2-10 people

Although people spend countless hours in training sessions, reading orientation manuals, and playing corporate e-learning games to learn the ropes of their new positions, the truth is that most employee knowledge is acquired through social experience. Campfire capitalizes on our innate storytelling tendencies by providing a platform and a setting for sharing work stories - tales of trial and error, failure and success, competition, diplomacy, and teamwork. Not only does Campfire serve as an informal training game, but it also uncovers similarities (and differences) in people's perceptions and experiences. This session can be adapted for use as a warm-up, icebreaker, or deepening session, wherever storytelling can benefit your group or team.

Workshop steps


Prior to the meeting, come up with 10-20 trigger words or phrases for initiating the storytelling session and jot them down on sticky notes. Propose storytelling themes that emphasize positive or neutral stories, such as successful partnerships, incredible collaborations, initial days at work, business trips, projects, client interactions, inspiring moments, growth opportunities, and so on.


Place the sticky notes in a visible area of the meeting room, ensuring all participants can see them and have access to markers and additional sticky notes. Inform the group that this is a "campfire" setting for informal company training, where they are encouraged to share stories with each other. Direct their attention to the "wall of words" and give them 1-3 minutes to review the words and think of a related story. To initiate the storytelling session, remove one word from the wall, place it in a nearby space, and share your own introductory story.


Request a volunteer to carry on the activity by taking another word from the wall and placing it beside your word. This initiates the sticky-note "story thread."


Before the initial player starts their story, have them read their chosen word out loud. Then, tell the other participants to pay close attention to the story and write down a word or phrase on a sticky note that brings to mind a similar work-related story. If nothing in the player's story stands out, they can take a sticky note from the original "wall of words."


Once the first player finishes their story, request another volunteer to come forward and either put up their own sticky note or pick one from the "wall of words." Have them read the word out loud and then share their story.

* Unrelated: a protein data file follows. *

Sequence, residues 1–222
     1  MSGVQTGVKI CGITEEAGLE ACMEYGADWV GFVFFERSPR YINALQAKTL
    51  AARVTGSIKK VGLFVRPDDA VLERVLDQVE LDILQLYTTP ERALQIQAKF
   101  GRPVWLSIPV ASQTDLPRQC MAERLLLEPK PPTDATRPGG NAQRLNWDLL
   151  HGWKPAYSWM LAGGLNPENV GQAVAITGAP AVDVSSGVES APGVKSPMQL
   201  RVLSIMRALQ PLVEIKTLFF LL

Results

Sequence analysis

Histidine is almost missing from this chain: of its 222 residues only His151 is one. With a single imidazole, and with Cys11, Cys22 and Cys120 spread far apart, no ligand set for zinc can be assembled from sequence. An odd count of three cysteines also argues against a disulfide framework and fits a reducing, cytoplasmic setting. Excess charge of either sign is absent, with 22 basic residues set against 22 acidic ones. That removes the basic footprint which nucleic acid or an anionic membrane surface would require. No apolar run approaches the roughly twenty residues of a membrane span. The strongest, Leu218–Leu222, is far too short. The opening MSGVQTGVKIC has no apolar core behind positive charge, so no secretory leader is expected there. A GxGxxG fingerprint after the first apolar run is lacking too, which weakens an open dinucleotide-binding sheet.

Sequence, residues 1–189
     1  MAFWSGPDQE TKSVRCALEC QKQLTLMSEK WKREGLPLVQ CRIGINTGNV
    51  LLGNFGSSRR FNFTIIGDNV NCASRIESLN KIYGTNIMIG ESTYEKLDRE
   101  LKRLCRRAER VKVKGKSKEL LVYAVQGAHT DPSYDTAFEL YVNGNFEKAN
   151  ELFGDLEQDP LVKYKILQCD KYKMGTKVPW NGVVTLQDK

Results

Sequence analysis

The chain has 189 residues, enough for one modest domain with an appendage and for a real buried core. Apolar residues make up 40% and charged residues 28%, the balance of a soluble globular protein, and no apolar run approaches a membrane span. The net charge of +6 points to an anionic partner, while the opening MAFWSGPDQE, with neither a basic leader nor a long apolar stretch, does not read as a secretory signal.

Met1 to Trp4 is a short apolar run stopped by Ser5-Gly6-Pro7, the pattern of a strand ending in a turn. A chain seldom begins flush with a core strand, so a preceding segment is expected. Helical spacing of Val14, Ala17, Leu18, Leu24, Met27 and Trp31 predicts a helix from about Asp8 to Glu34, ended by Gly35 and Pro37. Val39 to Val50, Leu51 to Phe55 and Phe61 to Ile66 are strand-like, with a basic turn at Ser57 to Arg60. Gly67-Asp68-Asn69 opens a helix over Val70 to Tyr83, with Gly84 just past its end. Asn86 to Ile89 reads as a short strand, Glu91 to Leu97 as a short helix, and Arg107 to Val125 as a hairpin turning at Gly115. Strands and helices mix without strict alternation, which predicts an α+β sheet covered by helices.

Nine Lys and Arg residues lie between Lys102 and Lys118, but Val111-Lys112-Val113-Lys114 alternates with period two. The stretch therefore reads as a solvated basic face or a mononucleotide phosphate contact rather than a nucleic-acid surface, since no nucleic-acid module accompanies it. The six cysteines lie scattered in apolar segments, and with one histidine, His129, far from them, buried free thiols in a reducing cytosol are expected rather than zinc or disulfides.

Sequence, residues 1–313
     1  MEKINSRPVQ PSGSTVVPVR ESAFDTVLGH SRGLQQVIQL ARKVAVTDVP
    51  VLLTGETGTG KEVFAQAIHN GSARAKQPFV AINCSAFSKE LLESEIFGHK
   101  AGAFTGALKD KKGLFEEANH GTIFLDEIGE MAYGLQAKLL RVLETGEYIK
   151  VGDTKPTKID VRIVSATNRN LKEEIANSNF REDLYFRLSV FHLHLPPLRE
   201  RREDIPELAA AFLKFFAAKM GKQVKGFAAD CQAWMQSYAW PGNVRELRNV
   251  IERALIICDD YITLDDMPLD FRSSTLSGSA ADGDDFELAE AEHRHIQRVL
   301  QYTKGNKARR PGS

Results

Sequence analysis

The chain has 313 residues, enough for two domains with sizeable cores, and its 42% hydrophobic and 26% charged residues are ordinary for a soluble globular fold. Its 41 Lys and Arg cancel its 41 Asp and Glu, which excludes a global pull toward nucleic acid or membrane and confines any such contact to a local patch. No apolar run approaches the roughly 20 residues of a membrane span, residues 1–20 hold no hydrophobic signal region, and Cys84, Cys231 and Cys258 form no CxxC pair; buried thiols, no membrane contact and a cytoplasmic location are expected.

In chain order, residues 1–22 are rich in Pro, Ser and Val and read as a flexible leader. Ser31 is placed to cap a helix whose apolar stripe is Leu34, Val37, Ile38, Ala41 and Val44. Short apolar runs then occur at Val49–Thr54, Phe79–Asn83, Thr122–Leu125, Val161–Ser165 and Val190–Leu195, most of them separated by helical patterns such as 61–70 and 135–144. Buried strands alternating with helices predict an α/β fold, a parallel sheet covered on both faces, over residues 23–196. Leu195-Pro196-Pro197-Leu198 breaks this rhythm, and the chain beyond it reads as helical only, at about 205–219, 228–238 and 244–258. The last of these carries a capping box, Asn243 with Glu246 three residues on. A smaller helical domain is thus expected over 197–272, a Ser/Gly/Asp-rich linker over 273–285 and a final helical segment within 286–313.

Continue with this method until the participants form a snake-like "story thread" that serves as a record of the campfire discussion. Utilize your sound judgment to decide when to conclude the storytelling session. Prior to "extinguishing" the fire, inquire if the players have any insights, lessons, or concluding remarks they'd like to contribute.


Approach As the meeting leader, your main goal is to promote the exchange of work-related stories. If there's a pause in the conversation, direct the employees to the "word wall" or ask someone to share a "random" story. Feel free to contribute your own stories that are inspired by the participants' tales. Allow the discussion to touch on less positive or neutral subjects if it helps the team release tension, but be ready to handle any issues that arise and ensure the meeting ends on a positive note. The purpose of Campfire is straightforward yet impactful. It fosters communication, highlights the similarities and diversity among employees, and capitalizes on the natural inclination for employee training to occur through casual conversations. People enjoy sharing stories, so it's likely that the participants will continue discussing their experiences even after the meeting concludes. This activity was influenced by Tell Me a Story: Narrative and Intelligence (Rethinking Theory) by Roger Schank and Gary Saul Morson.

Need help with this workshop?

Anna Lundqvist portrait
Anna Lundqvist
UX Designer and AI Ethics Strategist guiding innovative product development and educational workshops
Eddy Salzmann portrait
Eddy Salzmann
Design lead and team culture enthusiast driving products and design processes
Ola Möller portrait
Ola Möller
Founder of MethodKit who has a passion for organisations and seeing the big picture
Hire us